1. New South Wales
  2. Australian Capital Territory
  3. Western Australia
  4. South Australia
  5. Victoria
  6. Queensland
  7. Northern Territory
  8. Tasmania

FAQ for our workforce

If you are working as a casual employee and you contract COVID -19 or acquire any other illness, you will not be paid for your sick period. As a casual employee you are paid a 25% loading to compensate for (amongst other things) sick leave, carers leave, annual leave, etc. If you are unable to work due to illness you may be entitled to receive the JobSeeker Payment.

Go to for more information.

If you are working as a permanent or part-time employee, you will be able to access your sick leave entitlement. Please speak with your manager.
If you test positive for COVID-19, the Public Health Unit will review and assess your close contacts and provide advice in relation to your medical care and isolation requirements. You are required to advise the branch office if you test positive for COVID-19 and report any isolation requirements that you have.

You are able to access our Employee Assistance Program (EAP), please contact your branch office for details. A medical clearance will be required for you to return to work.
The first action is to escalate your concerns with site management. If you are not satisfied with that response contact you branch manager to discuss your concerns. It is also useful to read the relevant Health Department fact sheets.
If a household member is a suspected case, you may need to be isolated. This will be determined by the Public Health Unit on a case-by case basis. Your public health unit will contact you if you need to isolate. If you are required to self-isolate you will also need to inform the office on 1300 657 319.

If you are unclear, best to call the National Coronavirus Help Line on 1800 020 080.
If you have not already sought medical advice, please do. You will need to provide a medical clearance before you recommence work.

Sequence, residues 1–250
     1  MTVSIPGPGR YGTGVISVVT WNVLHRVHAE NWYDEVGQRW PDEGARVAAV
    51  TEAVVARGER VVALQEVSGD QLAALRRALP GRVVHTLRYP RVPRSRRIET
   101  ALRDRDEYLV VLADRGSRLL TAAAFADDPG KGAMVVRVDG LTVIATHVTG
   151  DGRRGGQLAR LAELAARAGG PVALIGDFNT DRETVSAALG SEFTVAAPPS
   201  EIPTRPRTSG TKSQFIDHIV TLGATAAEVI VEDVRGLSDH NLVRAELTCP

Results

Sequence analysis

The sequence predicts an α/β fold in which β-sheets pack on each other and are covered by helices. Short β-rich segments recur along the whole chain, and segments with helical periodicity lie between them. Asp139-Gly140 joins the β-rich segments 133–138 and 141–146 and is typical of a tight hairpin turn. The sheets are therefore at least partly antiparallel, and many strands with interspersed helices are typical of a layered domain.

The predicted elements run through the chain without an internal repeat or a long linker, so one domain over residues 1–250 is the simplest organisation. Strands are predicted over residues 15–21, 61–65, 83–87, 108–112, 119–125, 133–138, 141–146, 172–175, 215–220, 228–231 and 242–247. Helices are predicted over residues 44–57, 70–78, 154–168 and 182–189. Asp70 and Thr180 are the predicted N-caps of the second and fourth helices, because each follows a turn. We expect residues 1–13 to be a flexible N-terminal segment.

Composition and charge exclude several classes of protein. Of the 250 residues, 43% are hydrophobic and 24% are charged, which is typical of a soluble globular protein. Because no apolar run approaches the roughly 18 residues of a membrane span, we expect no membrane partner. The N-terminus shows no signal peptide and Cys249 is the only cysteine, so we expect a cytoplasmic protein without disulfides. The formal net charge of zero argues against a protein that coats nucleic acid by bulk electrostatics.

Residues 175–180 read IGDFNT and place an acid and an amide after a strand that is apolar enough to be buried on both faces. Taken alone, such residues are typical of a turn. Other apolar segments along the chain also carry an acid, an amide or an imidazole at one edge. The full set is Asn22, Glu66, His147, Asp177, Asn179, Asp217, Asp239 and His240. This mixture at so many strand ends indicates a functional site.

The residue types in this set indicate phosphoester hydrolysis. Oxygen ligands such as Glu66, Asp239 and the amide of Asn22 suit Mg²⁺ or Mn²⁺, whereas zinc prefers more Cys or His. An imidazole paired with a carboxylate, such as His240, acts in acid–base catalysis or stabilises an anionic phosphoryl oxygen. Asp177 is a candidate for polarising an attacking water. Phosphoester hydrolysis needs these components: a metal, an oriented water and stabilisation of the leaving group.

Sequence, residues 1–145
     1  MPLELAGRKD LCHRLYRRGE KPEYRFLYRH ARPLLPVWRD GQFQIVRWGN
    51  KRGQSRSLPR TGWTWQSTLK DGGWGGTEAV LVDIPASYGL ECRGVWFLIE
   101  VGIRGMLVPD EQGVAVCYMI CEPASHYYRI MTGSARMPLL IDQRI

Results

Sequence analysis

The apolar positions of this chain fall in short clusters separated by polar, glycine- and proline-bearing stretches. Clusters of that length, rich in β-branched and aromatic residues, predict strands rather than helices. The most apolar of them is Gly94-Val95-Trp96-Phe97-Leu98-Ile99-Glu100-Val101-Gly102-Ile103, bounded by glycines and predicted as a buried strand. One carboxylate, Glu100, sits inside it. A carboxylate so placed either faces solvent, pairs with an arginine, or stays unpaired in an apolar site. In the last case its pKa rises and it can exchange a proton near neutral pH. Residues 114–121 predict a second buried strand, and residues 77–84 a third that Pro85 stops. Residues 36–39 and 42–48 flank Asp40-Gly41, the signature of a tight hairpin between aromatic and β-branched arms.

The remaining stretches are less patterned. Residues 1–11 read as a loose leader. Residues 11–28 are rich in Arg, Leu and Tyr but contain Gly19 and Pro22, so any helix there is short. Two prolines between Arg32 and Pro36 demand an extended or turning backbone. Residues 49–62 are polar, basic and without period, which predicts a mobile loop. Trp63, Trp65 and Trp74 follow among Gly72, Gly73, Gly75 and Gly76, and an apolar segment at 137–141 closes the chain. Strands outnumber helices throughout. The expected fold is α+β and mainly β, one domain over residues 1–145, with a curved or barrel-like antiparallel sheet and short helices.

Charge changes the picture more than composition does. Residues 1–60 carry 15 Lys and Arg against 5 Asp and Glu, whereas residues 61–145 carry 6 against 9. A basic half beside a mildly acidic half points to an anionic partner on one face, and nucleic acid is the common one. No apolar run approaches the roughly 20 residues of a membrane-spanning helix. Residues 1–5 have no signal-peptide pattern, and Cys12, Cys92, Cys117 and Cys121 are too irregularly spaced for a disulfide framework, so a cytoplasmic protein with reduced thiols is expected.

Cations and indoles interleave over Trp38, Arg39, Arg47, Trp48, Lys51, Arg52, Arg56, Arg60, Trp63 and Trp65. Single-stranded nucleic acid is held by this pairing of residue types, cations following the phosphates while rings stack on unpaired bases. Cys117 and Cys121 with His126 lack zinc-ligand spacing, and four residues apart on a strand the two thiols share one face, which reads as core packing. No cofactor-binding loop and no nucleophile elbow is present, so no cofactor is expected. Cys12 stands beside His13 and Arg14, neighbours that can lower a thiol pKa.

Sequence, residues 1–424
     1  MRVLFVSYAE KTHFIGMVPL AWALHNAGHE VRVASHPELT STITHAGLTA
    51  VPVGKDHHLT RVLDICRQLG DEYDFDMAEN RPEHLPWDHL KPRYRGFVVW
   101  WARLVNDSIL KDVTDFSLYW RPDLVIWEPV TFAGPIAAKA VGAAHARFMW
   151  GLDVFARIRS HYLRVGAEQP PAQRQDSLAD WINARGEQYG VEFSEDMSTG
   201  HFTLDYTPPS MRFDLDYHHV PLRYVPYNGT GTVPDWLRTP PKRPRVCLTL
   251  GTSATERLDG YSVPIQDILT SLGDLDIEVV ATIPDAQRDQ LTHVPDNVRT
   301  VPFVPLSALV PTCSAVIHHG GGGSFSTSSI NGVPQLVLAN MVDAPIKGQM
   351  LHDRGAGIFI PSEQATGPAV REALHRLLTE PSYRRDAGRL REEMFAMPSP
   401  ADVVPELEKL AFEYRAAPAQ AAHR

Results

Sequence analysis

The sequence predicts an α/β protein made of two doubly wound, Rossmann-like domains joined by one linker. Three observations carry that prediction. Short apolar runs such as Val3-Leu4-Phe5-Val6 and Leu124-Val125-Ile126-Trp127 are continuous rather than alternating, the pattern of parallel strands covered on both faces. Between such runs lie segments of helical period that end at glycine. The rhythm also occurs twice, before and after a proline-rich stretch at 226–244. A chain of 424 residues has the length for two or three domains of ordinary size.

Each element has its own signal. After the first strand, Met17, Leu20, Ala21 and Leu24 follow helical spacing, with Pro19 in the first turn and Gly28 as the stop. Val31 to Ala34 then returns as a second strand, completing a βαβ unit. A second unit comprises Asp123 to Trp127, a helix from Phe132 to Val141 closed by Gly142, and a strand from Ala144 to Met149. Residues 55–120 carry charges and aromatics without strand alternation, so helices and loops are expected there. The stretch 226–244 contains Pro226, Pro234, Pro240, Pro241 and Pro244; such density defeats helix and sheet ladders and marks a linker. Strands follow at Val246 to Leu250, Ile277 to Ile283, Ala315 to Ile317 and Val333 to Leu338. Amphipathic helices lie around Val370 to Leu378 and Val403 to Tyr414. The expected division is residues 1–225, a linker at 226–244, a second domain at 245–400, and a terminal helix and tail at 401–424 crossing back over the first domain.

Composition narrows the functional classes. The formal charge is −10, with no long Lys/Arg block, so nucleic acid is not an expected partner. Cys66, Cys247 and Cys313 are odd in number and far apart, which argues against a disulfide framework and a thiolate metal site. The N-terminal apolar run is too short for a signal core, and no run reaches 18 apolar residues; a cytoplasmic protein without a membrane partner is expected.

Yes, you require a medical clearance to return to work. It gives all parties piece of mind.
The first thing you should do is to have a respectful chat with your work colleague to express your concerns.

If you remain concerned following your conversation, discuss these concerns with the site manager. If not resolved speak to your branch manager.

The symptoms of COVID-19 are similar to other colds and flus and include:
  • Fever
  • Sore throat
  • Cough
  • Fatigue
  • Difficulty breathing
While COVID-19 is a concern, it is important to remember that most people displaying these symptoms are could be suffering with a cold or other respiratory illness – not necessarily COVID-19.

Always maintain good hygiene and hand washing practice.
If the medical officer assesses the person to have symptoms and characteristics that aligned to COVID-19, they will be tested. Without patient consent, a doctor cannot generally perform testing. However, if a doctor is concerned about a patient who has refused testing, they will contact the public health unit for advice. There are powers under state and territory-based legislation to compel testing in certain circumstances and the Public Health Unit has further powers to compel.
Where shifts to casual employees are reduced on account of business downturn, the employees will not be entitled to payment during this period.

For permanent or permanent part time employees, you need to refer to your employee contract and relevant award conditions (which can be found on the Fair Work website).